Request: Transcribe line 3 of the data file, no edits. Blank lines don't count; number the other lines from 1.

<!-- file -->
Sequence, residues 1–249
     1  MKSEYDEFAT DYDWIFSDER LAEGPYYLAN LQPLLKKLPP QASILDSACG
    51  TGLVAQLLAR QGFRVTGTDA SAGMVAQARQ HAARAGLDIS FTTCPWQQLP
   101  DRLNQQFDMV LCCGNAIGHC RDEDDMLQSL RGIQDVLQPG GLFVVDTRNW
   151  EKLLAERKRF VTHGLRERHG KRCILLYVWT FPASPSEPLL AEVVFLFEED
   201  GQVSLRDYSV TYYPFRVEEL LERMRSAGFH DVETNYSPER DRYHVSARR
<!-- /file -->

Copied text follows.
    51  TGLVAQLLAR QGFRVTGTDA SAGMVAQARQ HAARAGLDIS FTTCPWQQLP